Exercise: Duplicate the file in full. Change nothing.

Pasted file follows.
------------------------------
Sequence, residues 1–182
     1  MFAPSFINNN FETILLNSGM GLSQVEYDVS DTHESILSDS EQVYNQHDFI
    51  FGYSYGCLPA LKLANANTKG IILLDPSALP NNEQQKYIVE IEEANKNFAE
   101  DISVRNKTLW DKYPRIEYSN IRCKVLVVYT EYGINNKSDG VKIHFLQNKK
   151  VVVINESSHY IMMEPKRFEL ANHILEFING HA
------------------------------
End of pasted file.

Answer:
Sequence, residues 1–182
     1  MFAPSFINNN FETILLNSGM GLSQVEYDVS DTHESILSDS EQVYNQHDFI
    51  FGYSYGCLPA LKLANANTKG IILLDPSALP NNEQQKYIVE IEEANKNFAE
   101  DISVRNKTLW DKYPRIEYSN IRCKVLVVYT EYGINNKSDG VKIHFLQNKK
   151  VVVINESSHY IMMEPKRFEL ANHILEFING HA